#2: This was personalized diet advice, not weird diet adviceThe participants were not being told to eat as much fat as they wanted. They weren’t being told that avoiding wheat will make them slimmer and smarter. They weren’t being told to eat like a caveman. They were being given USDA-approved diet recommendations. The only difference was that the dietary recommendations were personalized to them. For example, they were only being told to eat more fruits and vegetables if, in fact, fruits and vegetables were not a regular part of their daily diet. 

#3: Blood biomarkers did not provide any additional incentive to increase health related behaviors. I wouldn’t read too much into this observation. With the exception of cholesterol, the blood biomarkers selected for this study merely reinforced the diet analysis. For example, you could ask whether low blood carotenoid levels really provided any additional incentive to change their diet for an individual who was already told their intake of fruits and vegetables was low. If the study had measured disease-related blood biomarkers, it might have found that they provided additional incentive for individuals to make positive diet changes.

#4: Genetic testing did not provide any additional incentive to increase health related behaviors. This probably simply reflects the state of the science. Current genetic tests are only weakly predictive of major diseases like heart disease, diabetes, and cancer so they provide little incentive to make major lifestyle changes. This may change in the future as we improve our understanding of genetic influences on disease risks.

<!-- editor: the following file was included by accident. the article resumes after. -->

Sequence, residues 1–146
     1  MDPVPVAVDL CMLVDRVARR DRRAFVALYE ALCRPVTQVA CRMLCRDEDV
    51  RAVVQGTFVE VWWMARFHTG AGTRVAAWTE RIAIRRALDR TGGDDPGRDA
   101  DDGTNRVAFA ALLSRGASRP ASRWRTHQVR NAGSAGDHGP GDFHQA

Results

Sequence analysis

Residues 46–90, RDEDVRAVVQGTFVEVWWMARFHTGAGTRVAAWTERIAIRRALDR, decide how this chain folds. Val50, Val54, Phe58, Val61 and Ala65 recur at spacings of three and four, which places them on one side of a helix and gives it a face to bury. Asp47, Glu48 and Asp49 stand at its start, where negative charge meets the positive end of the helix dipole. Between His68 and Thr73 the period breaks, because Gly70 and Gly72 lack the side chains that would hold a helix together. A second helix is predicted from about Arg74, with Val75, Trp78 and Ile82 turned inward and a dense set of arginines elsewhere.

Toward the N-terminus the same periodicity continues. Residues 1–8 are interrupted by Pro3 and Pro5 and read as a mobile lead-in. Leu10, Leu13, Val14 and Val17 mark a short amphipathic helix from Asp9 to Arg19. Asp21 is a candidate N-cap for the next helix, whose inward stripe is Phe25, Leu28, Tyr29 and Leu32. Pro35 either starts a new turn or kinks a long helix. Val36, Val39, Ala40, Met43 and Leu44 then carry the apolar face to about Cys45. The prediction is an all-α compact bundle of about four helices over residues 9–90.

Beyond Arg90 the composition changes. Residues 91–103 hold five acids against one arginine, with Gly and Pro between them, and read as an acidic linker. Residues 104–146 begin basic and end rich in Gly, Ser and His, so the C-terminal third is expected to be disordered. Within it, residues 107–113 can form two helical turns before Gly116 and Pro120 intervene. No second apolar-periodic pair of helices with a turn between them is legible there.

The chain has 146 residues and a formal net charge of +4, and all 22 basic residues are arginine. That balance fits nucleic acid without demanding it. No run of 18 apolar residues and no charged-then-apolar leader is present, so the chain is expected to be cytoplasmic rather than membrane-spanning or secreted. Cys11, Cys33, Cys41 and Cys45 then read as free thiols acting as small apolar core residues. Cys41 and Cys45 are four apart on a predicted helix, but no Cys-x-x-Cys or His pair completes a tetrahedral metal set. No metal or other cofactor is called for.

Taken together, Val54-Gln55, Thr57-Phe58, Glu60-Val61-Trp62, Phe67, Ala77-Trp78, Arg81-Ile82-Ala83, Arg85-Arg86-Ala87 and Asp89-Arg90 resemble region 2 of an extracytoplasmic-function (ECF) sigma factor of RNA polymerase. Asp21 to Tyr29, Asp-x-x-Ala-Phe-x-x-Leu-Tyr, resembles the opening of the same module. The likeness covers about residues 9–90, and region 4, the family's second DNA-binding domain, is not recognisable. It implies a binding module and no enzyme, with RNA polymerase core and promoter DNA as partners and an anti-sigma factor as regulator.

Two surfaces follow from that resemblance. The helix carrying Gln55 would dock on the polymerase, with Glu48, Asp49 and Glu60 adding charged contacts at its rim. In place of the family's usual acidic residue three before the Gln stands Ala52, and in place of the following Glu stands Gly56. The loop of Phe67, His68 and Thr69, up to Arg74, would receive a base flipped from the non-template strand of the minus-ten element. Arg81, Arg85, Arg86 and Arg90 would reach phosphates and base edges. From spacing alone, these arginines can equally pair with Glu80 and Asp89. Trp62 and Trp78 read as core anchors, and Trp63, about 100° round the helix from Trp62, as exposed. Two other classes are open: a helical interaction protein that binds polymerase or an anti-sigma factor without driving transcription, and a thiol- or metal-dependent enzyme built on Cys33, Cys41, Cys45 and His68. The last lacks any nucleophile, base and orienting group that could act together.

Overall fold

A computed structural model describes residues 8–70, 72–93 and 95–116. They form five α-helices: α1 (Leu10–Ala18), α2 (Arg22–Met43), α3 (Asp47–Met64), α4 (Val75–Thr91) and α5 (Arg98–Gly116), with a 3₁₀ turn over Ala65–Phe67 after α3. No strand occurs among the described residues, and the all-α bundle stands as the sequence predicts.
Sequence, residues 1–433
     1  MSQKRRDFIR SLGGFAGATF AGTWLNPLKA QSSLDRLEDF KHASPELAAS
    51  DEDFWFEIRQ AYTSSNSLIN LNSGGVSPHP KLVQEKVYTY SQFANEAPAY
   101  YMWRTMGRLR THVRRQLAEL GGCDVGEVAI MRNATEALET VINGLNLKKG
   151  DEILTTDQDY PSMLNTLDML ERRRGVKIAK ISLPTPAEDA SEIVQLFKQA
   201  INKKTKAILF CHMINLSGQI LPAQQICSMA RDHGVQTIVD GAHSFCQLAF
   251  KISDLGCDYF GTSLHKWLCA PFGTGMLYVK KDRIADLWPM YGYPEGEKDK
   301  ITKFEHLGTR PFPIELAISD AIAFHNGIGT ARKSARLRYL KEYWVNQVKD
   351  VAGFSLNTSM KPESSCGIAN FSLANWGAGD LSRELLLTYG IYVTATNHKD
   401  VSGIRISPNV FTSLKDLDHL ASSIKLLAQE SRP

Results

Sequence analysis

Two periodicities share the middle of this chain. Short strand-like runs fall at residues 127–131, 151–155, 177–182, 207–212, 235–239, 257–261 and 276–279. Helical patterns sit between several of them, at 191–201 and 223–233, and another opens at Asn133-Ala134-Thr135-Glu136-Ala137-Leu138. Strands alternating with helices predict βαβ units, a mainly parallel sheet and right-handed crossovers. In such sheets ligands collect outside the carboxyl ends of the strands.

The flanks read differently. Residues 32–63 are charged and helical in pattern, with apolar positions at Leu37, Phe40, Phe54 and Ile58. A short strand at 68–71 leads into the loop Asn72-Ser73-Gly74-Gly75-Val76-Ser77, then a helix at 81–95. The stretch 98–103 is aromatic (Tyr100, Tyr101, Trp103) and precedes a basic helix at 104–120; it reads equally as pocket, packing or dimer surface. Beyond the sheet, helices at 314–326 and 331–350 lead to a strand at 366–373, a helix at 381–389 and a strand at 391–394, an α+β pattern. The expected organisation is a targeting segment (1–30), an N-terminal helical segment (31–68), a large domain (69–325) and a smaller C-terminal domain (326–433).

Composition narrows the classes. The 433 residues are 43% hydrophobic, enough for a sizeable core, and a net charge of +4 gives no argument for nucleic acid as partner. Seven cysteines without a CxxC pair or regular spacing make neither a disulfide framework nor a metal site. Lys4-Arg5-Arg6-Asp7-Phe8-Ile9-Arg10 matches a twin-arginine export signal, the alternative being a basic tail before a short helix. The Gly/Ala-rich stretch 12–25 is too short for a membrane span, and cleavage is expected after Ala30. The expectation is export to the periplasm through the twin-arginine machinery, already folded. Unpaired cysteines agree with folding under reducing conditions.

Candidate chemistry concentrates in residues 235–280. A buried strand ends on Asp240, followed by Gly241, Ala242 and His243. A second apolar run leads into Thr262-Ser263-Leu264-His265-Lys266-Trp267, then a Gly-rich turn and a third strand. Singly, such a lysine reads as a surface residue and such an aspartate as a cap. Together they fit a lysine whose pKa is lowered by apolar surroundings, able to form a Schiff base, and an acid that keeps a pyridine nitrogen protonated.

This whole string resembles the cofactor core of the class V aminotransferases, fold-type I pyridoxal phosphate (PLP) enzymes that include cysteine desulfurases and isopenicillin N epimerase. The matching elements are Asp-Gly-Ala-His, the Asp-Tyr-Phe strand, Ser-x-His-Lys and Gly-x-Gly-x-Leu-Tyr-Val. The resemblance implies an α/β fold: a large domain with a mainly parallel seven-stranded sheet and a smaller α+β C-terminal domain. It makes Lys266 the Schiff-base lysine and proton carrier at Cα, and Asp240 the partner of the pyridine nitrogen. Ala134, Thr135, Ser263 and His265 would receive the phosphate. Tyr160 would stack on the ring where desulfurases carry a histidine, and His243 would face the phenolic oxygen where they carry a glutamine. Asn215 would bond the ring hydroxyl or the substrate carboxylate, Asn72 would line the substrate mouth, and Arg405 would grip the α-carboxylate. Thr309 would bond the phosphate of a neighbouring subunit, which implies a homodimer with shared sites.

Missed Opportunities

This study clearly showed that a simple online diet survey like the Food4Me personalized diet assessment is very useful for changing health-related dietary behavior. However, this study also missed several opportunities to create an even more valuable tool for improving health-related behaviors. For example, the study collected data on obesity and activity levels, but did not attempt to provide personalized lifestyle recommendations based on that data. In addition, 44% of the participants reported that they had a disease, but no attempt was made to include health goals in the personalized diet and lifestyle recommendations.

 

The Bottom Line

  • A recent study showed that personalized nutrition recommendations based on a simple online survey were much more effective than standardized dietary advice at getting people to improve health-related eating habits.
  • Adding information on blood biomarkers and genetic tests did not enhance the effectiveness of the personalized nutrition recommendations at changing health behaviors.
  • The study did not evaluate the value of adding activity levels and health goals to the assessment. That perhaps represented a missed opportunity to create an even more powerful tool for positively influencing health-related behaviors.

 

These statements have not been evaluated by the Food and Drug Administration. This information is not intended to diagnose, treat, cure or prevent any disease.

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Comments (2)

  • Victoria Dresbach

    |

    Very interesting article. There is so vitamins to choose from and who knows what is the best for you. Your article is an eye opener.

    At this time I have lung cancer and on a targeted therapy drug and I have not read what vitamins would be best. I would love to read an article from you on this subject.

    Thank you.

    Reply

    • Dr. Steve Chaney

      |

      Dear Victoria,
      I report on recently published clinical studies rather than offer opinions or health advice that may or may not be correct. Unfortunately, there are very few studies on vitamins use with targeted drug therapy.
      In general, optimal nutrition supports a strong immune system, and a strong immune system is one of your best defenses against cancer. However, in terms of specific drug-nutrient interactions it is best to consult with your doctor or pharmacist.
      Dr. Chaney

      Reply

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Epsom Salt Bath for Sore Muscles!